Various reports are out on who is winning the elections, some saying they have won 45 seats or more. But the jury is still out there!
Six days to voting day and we can see good crowds at rallies, with some unexpected surprises.
The PTR showing off its claws in Port Louis, but Parti Malin outshines the PTR at Plaine Verte in crowds? That is a massive surprise.
The MMM is on a great run. It pulls big crowds at rallies while its T-shirts are out of stock on the market.
While the MMM is the party with the least money to spend, it has surprised many with its crowd-pulling prowess.
The MSM-ML is in disarray. No surprise there. Its margin is shrinking in the face of various fresh allegations called the ‘gates’. Mama-piti is one of the latest to hit the MSM frontally.
The MSM response to the accusations is lacklustre, except for the hard-hitting ‘Navingates’ that has caught the PTR off-guard.
There are no doubts elections in Mauritius can be a very colourful exercise. And the Parti Malin of outspoken Danrajsingh Aubeeluck is one of them.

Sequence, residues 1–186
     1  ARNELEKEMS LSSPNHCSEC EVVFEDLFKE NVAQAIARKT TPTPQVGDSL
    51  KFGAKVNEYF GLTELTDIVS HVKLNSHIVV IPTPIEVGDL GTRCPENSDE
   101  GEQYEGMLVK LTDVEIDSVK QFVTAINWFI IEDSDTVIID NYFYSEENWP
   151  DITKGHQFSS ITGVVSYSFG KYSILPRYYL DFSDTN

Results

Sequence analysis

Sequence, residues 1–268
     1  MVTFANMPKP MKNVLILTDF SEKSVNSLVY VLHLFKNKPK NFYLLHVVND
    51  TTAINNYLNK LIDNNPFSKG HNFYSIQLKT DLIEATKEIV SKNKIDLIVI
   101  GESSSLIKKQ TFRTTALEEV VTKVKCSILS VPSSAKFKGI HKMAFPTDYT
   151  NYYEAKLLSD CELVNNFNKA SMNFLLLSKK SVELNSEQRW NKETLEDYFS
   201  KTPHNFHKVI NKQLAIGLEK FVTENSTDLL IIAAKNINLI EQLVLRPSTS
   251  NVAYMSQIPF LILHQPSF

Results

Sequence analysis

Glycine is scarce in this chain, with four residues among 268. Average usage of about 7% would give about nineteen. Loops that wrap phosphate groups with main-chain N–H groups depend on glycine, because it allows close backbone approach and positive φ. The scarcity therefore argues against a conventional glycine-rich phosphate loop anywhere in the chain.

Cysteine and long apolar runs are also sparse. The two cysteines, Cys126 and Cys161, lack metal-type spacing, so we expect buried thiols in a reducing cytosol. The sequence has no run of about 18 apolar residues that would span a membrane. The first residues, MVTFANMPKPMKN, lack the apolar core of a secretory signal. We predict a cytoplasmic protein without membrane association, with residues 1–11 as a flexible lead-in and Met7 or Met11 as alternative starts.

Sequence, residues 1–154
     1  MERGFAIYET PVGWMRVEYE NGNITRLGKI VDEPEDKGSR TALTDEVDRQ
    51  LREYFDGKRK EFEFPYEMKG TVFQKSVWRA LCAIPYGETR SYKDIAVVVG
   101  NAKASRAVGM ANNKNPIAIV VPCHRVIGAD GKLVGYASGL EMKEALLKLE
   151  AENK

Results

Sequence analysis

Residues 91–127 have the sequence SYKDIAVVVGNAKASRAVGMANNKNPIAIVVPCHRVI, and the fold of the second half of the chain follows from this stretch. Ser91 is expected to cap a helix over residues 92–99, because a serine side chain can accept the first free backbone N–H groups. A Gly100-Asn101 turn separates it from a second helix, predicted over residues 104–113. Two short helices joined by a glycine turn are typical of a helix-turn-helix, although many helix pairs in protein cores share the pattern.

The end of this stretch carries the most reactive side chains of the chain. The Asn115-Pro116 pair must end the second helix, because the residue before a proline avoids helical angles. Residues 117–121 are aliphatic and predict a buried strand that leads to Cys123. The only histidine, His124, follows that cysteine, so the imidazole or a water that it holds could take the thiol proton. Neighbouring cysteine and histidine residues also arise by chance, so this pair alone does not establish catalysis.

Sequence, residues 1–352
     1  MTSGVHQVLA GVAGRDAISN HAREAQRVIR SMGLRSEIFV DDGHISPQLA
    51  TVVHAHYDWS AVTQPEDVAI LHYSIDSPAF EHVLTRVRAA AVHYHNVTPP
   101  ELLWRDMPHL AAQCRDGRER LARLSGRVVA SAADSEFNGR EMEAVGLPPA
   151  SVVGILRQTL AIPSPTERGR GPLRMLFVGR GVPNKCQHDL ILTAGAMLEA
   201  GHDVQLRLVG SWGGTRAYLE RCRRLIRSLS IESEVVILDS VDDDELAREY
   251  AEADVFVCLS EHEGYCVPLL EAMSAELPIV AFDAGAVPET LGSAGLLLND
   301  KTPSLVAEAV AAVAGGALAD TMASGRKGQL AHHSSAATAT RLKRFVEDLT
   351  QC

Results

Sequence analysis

He surely got the shock of his life with a massive reception in the most unexpected of constituencies. It is the Port Louis Maritime and Port Louis East or the famous No3.
The Muslim majority vote bank once the fixed-deposit of the MMM is a split narrative nowadays. The constituents are struggling to get a political identity.
MMM leader Paul Berenger says there will be surprises in these elections. Is the Parti Malin going to upset some big shots?
RURAL BATTLE: MSM-PTR CHECK MATE?
One thing many political observers are not considering is the make-up of the constituencies in the rural areas.
Our source says in many rural seats, there is a closer breakdown of the communal composition than thought.
There is the representation of minority communities in rural areas. In the long-gone past, most of these areas were massively Hindu majority.
But a shift took place in the last decade with a percentage of the people embracing the Christian faith.
This will impact the votes. The MMM is the only party to dare to put non-Hindu candidates in traditionally Hindu-majority seats.
It is doing so again in Triolet, or the No 5 constituency.
While the candidate may not win, it illustrates how the constituency has changed. And the change is very significant.
Our source says there is an average 30-35% of Christian voters in some rural constituencies. This will impact the voter count.
The MSM-ML and the PTR are fighting for Hindu votes. The MMM is targeting the minorities and the new configuration risk favouring it.
Indeed, the MMM does have Hindu support in rural areas. And this too will add to the woes of the MSM and PTR.